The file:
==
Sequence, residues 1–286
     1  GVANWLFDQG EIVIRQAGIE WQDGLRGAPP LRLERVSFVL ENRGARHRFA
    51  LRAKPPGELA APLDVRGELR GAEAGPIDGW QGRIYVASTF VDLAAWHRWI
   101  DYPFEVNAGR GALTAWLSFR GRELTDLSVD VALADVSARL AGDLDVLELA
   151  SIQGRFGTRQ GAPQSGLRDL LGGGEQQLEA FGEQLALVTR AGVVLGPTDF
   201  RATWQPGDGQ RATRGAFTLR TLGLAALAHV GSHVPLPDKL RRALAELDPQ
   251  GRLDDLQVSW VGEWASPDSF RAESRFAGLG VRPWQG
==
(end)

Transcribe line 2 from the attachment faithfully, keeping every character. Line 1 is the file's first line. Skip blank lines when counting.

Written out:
     1  GVANWLFDQG EIVIRQAGIE WQDGLRGAPP LRLERVSFVL ENRGARHRFA